Boomer Times January-February 2019 - Page 11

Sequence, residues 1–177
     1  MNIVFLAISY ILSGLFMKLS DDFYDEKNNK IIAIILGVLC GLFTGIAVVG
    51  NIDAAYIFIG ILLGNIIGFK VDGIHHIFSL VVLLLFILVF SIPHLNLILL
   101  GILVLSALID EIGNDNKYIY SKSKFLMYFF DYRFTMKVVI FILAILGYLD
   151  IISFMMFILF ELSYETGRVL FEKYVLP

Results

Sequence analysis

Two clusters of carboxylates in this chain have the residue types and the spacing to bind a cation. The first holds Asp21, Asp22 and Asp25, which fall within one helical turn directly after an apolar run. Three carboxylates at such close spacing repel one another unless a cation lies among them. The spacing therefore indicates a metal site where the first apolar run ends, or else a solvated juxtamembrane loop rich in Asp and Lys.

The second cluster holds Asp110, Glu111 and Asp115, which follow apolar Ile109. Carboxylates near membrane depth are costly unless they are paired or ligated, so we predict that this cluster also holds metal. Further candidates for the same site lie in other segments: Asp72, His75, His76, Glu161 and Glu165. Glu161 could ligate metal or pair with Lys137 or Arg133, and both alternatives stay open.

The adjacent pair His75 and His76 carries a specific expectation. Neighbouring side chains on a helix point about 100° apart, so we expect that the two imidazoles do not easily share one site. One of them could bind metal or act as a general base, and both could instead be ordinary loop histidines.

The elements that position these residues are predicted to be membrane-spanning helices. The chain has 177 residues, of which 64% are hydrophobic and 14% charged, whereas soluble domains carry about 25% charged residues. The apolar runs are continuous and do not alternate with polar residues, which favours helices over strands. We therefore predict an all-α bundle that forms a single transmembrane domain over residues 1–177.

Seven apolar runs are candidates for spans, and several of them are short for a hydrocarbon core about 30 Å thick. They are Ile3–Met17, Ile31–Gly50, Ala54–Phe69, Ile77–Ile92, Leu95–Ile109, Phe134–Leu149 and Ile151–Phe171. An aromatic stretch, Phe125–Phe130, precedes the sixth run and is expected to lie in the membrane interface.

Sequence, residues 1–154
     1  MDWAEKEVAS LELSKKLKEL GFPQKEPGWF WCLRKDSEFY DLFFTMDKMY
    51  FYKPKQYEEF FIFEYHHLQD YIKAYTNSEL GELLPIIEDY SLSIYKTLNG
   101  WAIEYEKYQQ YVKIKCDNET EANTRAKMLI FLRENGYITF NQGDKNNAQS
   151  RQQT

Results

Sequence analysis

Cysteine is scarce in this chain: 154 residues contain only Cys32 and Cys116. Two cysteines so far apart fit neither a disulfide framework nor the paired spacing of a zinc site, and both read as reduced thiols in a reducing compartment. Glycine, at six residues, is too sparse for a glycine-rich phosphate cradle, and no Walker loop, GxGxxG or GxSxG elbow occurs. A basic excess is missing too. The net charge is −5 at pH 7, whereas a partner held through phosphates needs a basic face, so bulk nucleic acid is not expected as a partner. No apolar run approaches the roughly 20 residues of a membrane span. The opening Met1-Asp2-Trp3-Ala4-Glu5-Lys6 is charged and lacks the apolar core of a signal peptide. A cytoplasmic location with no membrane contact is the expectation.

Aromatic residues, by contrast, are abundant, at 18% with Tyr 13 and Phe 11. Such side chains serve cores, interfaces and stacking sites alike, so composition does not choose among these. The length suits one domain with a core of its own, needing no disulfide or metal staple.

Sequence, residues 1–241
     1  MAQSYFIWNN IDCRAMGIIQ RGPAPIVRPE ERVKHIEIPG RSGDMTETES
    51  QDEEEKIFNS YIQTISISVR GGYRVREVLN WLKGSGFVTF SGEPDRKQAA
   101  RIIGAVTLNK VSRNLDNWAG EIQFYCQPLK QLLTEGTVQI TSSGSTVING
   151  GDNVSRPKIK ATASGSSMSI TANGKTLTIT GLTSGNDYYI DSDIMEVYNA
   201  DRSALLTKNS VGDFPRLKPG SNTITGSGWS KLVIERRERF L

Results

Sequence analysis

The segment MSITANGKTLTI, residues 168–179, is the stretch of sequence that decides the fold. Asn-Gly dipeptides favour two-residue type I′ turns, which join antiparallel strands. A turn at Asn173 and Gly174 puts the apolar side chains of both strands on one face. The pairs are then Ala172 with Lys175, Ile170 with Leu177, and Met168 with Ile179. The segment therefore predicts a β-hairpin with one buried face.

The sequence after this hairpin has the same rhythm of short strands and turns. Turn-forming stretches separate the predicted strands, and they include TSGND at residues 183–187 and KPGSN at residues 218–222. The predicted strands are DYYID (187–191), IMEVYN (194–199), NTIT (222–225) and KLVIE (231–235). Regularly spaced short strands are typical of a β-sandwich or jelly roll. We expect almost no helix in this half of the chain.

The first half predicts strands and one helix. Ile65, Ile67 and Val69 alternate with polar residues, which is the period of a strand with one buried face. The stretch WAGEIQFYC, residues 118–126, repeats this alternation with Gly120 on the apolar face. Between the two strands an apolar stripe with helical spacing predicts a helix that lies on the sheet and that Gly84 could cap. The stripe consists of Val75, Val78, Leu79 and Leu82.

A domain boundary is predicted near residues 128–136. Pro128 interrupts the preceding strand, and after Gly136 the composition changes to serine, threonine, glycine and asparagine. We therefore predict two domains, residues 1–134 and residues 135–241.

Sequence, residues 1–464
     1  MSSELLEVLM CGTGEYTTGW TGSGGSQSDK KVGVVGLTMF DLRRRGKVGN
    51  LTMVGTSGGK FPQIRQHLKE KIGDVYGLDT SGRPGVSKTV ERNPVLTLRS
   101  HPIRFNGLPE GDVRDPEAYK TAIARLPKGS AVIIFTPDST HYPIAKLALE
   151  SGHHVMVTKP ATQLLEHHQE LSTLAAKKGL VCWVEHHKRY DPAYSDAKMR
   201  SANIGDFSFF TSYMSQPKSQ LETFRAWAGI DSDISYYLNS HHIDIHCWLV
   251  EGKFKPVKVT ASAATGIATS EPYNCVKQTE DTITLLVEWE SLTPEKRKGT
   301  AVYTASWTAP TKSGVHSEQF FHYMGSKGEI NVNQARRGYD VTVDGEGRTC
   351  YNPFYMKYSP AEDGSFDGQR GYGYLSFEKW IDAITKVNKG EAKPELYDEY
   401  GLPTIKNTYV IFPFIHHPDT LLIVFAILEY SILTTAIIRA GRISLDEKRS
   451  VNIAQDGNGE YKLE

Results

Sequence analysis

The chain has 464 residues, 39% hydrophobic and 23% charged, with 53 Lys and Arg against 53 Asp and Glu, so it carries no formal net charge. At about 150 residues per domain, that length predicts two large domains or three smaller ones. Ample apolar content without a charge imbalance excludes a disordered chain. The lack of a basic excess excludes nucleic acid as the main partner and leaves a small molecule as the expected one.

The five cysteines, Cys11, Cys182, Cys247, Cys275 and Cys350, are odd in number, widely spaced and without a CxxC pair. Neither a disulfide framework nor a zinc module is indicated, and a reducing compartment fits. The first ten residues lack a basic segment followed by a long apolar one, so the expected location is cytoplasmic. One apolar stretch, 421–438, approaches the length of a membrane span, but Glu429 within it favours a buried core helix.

First female ODVS Director sworn in Know your abilities and options to stay on the road safely “I am absolutely thrilled to serve our great veterans all across Ohio and do all I can to be a voice and a listener for our veteran community.” - Deborah Ashenhurst Director of the Ohio Department of Veterans Services She also is deeply familiar with operat- ing at a state cabinet level, as she served for four years as the Adjutant General and commander of the State of Ohio. In that role, Ashenhurst commanded the 17,000 personnel of the Ohio Army and Air Na- tional Guard, Ohio Military reserve and Ohio Naval Militia. “I am absolutely thrilled to serve our great veterans all across Ohio and do all I can to be a voice and a listener for our veteran community,” she said. Director Ashenhurst succeeds Col. Chip Tansill, who served as ODVS Direc- tor from Sept. 21, 2015 until Jan. 13, 2019 – his fi nal day under former Gov. John Kasich. Ashenhurst was sworn in Monday, Jan. 14, thereby becoming the fi rst female director, the fi fth overall and the high- est-ranking leader of the department since its inception in 2008. Her prede- cessors are the late William J. Hartnett (2008-11), Th omas N. Moe (2011-13), Timothy C. Gorrell (2013-15) and Tansill (2015-19). Ashenhurst began her career in 1978 when she enlisted in the Ohio Nation- al Guard. She was commissioned an engineer offi cer in 1980 through the Ohio Army National Guard’s Offi cer Candidate School. JANUARY 23, 2019 During her military career, Ashenhurst received numerous awards and decora- tions, including the Army Distinguished Service Medal, Legion of Merit, Merito- rious Service Medal (with one Silver and one Bronze Oak Leaf Cluster) and the Joint Service Commendation Medal. She retired from the U.S. Army and the National Guard in October 2015. Her career culminated in service as a special assistant to the vice chief, National Guard Bureau in Washington, D.C. Prior to her appointment as the adju- tant general, she was a 25-year federal employee in various positions of increas- ing responsibility with the United States Property and Fiscal Offi ce with the Ohio National Guard. Following her retirement from the military, Ashenhurst served as the senior vice president, military strategy with R2 Associates. She also served as a com- missioner on the Ohio Military Facilities Commission. “I’m proud to announce that Maj. Gen. Deborah Ashenhurst has agreed to lead the Ohio Department of Veterans Ser- vices,” Gov. DeWine said. “Th e general will work tirelessly to ensure Ohio’s vet- erans will receive their benefi ts and ser- vices that they have earned. It is our goal for people to look to Ohio and say that this is a very veterans-friendly place.” Ashenhurst resides with her husband, Col. Jim Ashenhurst (U.S. Army, retired), in Hilliard, Ohio. Drivers age 65 and older represent the fastest growing segment of licensed drivers in Ohio and across the nation. While older drivers are among the safest drivers on our roads, they may be more likely to be seriously injured in a crash. Ohio has seen four consecutive years of rising traffi c deaths involving drivers age 65 and older. Tips for older driver safety: • Stay aware of your changing phys- ical, vision, and hearing abilities and adjust your driving habits according- ly. Exercise regularly to increase and maintain your strength and fl exibility. • Ask your doctor or pharmacist if any medical conditions you have or medi- cations you take could make it unsafe to drive. • Try to do most of your driving during daylight and in good weather. Avoid busy roadways and rush hours whenev- er possible. • Plan your route before you drive and choose routes with well-lit streets, intersections with left turn signals and easy parking. • Avoid distractions while driving, GET FIT. STAY FIT. “It is our goal for people to look to Ohio and say that this is a very veterans-friendly place.” 5 BOOT CAMP Mon. - Wed. • 6:30pm - Mike DeWine Ohio Governor Th e Ohio Department of Veterans Ser- vices works to actively identify, connect with, and advocate for veterans and their families. Ohio law gives the department the responsibility to partner with all 88 county veteran service commissions and the U.S. Department of Veterans Aff airs, in order to “serve those who have served” by connecting Ohio veterans and their families to well-earned benefi ts and resources. Recent statistics out of the VA indicate Ohio currently is home to nearly 800,000 former service members, ranking the state sixth nationally in terms of veteran population. For more information on the Ohio Department of Veterans Services, go to OhioVets.gov. including talking or texting on a cell phone, eating, or listening to a loud radio. In-car conversations can also be distracting. • Leave plenty of room between you and the vehicle in front of you so that you can react if the other driver stops or slows suddenly. • Do not drive too slowly, as this can be as unsafe as speeding. Factors that can aff ect an older driv- er’s safety • Vision changes, especially the ability to read road signs and see in low-light and high-glare conditions • Impaired or decreased hearing ability • Muscle stiff ness or weakness, partic- ularly in the neck, arms and legs • Medications or medical conditions that cause dizziness, drowsiness or loss of concentration • Slower reaction time • Changing weather conditions, such as rain, ice and snow • Fear of driving and traffi c Editor’s note: Information was contrib- uted from the Coshocton Senior Center’s January newsletter. Mon, Wed, Fri. • 5:30pm Circuit Training, Spinning, Aerobics, Basketball, Racquetball, Free Weights, Tanning Bed, Hot Showers, Wallyball, Massage Chair and Saunas Make Your Health A Priority! Contributed | Beacon www.coshoctonbeacontoday.com STOP BY OR CALL... Colonial Sports -n- Courts 1101 Fairy Falls Drive • 740-623-8382 COLUMBUS – A few days prior to being sworn in as Ohio Governor, Mike DeW- ine announced a bevy of candidates for appointment to his cabinet. Among those introduced on Jan. 10 was Deborah Ashenhurst, who served in the Ohio Na- tional Guard for 37 years and this week began her new assignment as Director of the Ohio Department of Veterans Services. Maj. Gen. Ashenhurst, U.S. Army, retired, brings a wealth of military and private sector experience to the position as well as a developed connection to the veteran community. She has held assignments at all levels from company, battalion, brigade and Joint Force Head- quarters. THE BEACON 11B